Anya was a true heroine, and the young girls were dazzled by her—but also by the aria she rehearsed repeatedly, with its delightful trills and ornamentation, which required a lot of stamina and technical brilliance. The tunes of Orlando haunted us for days (RB’s intention). We hummed them in the shower, at breakfast. We bought a recording of Orlando which my daughter still asks to listen to: Rene Jacobs and the B’Rock Orchestra, with Bejun Mehta (on Archiv). I have RB to thank for this new love of baroque opera. I grew up in a very musical family, but early music didn’t exist in our house. My mother, a pianist who led her own chamber music group, admitted to me that the sound of an early instrument made her ill! So here’s to being bitten by the baroque, sooner or later. Anthony Roth Costanzo put it perfectly, when I told him how hard we all fell for Orlando: “Forever Baroque!!”
Here is Dorinda’s aria (or the hairspray aria, as we call it at home) from Orlando, “Amor e qual vento,” sung by Rosa Mannion with William Christie’s Les Arts Florissants:
NYFOS is celebrating our co-founder Steven Blier this week! In honor of his birthday on November 25, each Song of the Day post this week will be a tribute to him. Happy Birthday, Steve! We hope you enjoy these and have a wonderful week!
Today’s post comes from Steve’s lifelong friend Matthew Epstein:
In May of 1965, Steven Blier and I gave a song recital at the Fieldston School. We were both students there, he a 13 year old, I a venerable 17!
It was my ONLY recital appearance, but it was Steven’s FIRST appearance as a collaborative pianist.
Over fifty years of friendship, I have learned a lot from Steve and I like to think he was a bit influenced by me….
I treasure our friendship and revere his amazing accomplishments.
On that 50 year old program was Handel’s “Where ere you walk”, which pointed my way to five decades of Handel!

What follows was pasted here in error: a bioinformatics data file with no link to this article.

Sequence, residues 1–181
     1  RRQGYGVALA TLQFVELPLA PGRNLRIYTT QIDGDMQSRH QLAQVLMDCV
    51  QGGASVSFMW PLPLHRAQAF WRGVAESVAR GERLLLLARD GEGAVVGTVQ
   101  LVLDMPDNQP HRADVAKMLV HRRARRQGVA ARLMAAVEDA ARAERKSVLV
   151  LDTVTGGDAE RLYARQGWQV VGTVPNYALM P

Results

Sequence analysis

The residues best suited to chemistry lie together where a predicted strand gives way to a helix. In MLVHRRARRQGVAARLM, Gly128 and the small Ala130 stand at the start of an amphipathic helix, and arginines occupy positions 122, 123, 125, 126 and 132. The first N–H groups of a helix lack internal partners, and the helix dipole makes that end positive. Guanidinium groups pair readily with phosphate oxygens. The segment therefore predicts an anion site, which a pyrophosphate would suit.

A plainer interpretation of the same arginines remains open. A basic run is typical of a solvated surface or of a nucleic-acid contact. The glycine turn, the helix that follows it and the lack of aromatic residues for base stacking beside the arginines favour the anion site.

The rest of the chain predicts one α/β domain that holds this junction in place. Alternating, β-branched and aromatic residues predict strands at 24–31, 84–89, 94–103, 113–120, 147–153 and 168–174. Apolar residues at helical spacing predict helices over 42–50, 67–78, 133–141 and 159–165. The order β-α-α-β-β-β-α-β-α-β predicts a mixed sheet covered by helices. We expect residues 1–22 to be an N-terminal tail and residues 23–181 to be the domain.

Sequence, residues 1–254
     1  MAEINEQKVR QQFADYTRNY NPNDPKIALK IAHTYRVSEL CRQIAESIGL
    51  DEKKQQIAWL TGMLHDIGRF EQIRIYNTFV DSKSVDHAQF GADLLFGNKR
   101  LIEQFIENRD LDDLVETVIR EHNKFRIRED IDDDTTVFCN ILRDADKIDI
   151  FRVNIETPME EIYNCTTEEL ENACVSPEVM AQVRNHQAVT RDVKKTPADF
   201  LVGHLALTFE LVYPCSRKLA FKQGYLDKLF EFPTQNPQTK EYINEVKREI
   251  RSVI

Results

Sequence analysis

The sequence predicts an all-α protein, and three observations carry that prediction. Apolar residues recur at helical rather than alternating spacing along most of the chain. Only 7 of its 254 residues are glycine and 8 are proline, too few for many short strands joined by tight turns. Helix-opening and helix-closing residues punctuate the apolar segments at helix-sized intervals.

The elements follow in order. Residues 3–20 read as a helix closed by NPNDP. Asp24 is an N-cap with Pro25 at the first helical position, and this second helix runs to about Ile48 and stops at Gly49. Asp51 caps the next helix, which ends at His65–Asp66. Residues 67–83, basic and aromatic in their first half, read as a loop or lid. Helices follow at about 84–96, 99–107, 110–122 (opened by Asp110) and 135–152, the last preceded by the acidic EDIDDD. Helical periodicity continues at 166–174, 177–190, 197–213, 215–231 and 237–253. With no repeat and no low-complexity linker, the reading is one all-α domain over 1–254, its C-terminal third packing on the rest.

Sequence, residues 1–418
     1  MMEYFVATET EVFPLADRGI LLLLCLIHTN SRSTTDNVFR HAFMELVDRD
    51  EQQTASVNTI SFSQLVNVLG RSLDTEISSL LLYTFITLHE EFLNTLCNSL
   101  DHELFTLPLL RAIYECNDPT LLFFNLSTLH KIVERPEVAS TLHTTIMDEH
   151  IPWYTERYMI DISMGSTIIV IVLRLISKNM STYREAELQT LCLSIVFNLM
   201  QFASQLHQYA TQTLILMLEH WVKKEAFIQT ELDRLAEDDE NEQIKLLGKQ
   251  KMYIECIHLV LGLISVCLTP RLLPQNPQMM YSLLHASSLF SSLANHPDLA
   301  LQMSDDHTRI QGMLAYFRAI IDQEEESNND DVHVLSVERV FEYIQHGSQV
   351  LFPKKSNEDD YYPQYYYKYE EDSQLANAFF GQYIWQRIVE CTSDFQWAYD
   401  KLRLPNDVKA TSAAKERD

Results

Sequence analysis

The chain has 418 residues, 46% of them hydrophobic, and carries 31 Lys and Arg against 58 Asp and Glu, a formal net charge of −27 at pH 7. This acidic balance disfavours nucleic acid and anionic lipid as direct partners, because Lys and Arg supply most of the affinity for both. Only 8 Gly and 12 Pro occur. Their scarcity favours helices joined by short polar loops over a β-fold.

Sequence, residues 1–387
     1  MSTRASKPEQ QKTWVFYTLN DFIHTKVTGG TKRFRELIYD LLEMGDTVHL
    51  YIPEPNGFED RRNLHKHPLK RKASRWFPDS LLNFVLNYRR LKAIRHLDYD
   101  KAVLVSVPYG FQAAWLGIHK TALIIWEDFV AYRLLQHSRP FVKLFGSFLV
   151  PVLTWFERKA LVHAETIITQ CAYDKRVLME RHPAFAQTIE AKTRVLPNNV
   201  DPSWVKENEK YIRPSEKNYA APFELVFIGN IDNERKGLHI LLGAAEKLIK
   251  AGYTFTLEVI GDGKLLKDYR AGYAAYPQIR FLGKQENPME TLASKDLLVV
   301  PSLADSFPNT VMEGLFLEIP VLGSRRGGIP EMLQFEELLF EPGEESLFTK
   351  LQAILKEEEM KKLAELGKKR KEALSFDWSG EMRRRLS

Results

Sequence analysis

I have found a You Tube of Rockwell Blake, singing this piece with an astonishing breath control. He was Jupiter in my 1985 Carnegie Hall concert with Kathleen Battle, Marilyn Horne, and Sam Ramey…..20 years after Fieldston and 30 years ago.
Along with our friendship, what a glorious and memorable life in music Steven and I have shared!!
Handel’s “Wher’er You Walk” from Semele sung live in concert at Carnegie Hall by Rockwell Blake
Just before I hit the sack I did a routine check of my email. There I found a note from baritone, friend, and colleague Ricardo Herrera with the subject line “Sad News.” I clicked on it both hurriedly and reluctantly, knowing that it would bear the news of a death. Indeed, he was writing to tell me that Daniel Ferro had died at age 94. Dan was a prominent voice teacher, a guru of bel canto. I played for his voice lessons at Juilliard in the early 1970s, when he taught Neil Shicoff, Alan Titus, and Barbara Hendricks, as well as a who’s who of major singers of the day. He was always proud to have put Evelyn Lear’s shattered voice back together, to have mentored Kathleen Battle, and to have given other teachers like Marlena Malas the technical and aesthetic grounding they needed to start their careers. Later on he was the teacher of Hal Cazalet and John Brancy, some of my most valued colleagues.
He took me under his wing when I was a very, very young spud—a 21-year old kid with a degree in English literature and a lot of moxie. Dan was always teaching me as much as he was teaching the singer. I never went to music school, but playing in Dan’s studio my ears were sharpened to resonance, vowel, phrase, breathing—the technical elements of singing with taste and beauty. Those principles, combined with what I learned from Martha Schlamme and Alvin Epstein about acting and programming, were my true post-graduate degree.
In Dan’s memory, here is Handel’s “Care selve” sung by Leontyne Price. It’s not exactly our contemporary idea of Handel style, but…oh my, what singing. I am sure that Dan is now surrounded by such sounds in his new home, the green, heavenly forest. And in case you think Leontyne’s recorded performance was a fluke of the studio, I am enclosing a live performance, just as perfect. (Maybe even better!)
(live performance with David Garvey, pianist, 1963)
(commercial recording, 1967)